Amanda Palmer, a musician from the band The Dresden Dolls, was riding the train last night when she tweeted a story about not having insurance.
“most small-to-mid-level musicians i know don’t have health insurance,” she wrote. “some musicians find tricky ways, some pay, most take the risk & pray. when i was in my early twenties, buying my own insurance would have been equal half my rent. it just didn’t seem like an option. my parents had just watched the death of my step-brother (uninsured when stricken with a disease) almost destroy the family bank, and so they DEMANDED i get insurance.”
Her followers responded in droves with tweets about their own stories of not having insurance. And so Palmer followed up:
quick twitter poll. 1) COUNTRY?! 2) profession? 3) insured? 4) if not, why not, if so, at what cost per month (or covered by job)?
The message went viral, and Palmer ended up with thousands upon thousands of responses from people around the world explaining how much their insurance cost — if they had any at all:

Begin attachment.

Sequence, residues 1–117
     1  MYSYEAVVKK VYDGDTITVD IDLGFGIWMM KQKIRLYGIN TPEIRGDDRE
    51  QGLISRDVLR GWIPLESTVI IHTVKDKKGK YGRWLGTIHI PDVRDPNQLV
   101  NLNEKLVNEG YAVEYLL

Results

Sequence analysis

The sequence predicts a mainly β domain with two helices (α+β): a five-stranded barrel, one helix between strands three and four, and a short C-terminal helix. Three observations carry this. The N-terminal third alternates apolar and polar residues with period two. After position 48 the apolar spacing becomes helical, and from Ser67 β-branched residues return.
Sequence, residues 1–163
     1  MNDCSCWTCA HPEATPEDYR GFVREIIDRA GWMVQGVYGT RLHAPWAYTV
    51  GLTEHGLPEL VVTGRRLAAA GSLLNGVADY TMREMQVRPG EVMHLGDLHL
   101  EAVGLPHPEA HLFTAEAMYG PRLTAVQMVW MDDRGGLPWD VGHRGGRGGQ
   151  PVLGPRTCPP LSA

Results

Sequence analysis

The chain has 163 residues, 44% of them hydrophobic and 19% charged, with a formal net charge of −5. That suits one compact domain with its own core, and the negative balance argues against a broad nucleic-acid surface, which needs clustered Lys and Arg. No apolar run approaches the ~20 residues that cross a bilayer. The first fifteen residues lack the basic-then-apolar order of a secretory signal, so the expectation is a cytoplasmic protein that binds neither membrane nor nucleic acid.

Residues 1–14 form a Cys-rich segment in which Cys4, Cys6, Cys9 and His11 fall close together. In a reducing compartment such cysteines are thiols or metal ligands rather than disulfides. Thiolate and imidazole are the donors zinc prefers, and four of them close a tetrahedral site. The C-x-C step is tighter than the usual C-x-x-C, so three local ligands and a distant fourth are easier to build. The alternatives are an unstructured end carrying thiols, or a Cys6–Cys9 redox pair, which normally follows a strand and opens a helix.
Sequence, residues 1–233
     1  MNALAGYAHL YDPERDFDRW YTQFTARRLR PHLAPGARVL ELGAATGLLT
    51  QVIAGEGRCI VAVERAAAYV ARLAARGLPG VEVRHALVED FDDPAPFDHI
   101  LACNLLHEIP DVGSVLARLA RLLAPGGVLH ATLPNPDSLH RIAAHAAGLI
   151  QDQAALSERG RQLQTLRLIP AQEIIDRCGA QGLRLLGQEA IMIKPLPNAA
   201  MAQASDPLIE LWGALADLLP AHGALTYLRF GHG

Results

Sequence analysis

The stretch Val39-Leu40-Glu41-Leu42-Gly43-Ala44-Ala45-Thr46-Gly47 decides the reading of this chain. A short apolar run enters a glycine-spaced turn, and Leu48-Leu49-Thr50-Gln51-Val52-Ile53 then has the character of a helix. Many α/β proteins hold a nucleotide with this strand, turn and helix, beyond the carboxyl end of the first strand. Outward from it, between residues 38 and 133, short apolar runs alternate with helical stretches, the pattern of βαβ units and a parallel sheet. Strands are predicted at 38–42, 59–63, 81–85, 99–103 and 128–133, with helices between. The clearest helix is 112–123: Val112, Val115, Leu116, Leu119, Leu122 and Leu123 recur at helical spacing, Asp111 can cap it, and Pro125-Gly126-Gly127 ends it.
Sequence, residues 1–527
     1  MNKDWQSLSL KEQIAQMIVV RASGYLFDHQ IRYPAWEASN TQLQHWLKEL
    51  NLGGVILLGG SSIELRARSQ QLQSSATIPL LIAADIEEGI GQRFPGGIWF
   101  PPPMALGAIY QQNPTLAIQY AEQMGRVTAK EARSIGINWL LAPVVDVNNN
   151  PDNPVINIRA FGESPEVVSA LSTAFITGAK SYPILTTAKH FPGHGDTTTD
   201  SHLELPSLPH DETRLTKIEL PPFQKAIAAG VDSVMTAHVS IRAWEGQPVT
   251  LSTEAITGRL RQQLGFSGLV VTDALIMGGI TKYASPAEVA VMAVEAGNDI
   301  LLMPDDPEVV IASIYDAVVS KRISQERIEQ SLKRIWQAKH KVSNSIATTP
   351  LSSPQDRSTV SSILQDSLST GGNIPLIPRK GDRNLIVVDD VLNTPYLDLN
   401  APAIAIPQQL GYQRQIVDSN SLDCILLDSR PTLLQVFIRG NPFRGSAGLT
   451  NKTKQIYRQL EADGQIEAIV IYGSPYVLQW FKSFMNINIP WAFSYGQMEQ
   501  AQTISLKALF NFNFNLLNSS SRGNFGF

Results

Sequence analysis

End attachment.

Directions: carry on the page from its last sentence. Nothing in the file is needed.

Palmer said that she’s currently working with a Twitter follower to compile all of the data she received, and she plans to post more information when it’s ready. But she did share some preliminary findings from her first 156 respondents, including the fact that about a quarter of the U.S. respondents did not have health insurance due to its high cost. Her findings are about in line with what has been reported about the uninsured: Many cannot afford insurance, or haven’t factored into their budgets spending such a huge amount on health care. On the bright side, the stories of the uninsured could change once Obamacare is fully in place. The landmark health care reform law is expected to decrease the number of people who lack coverage by 33 million.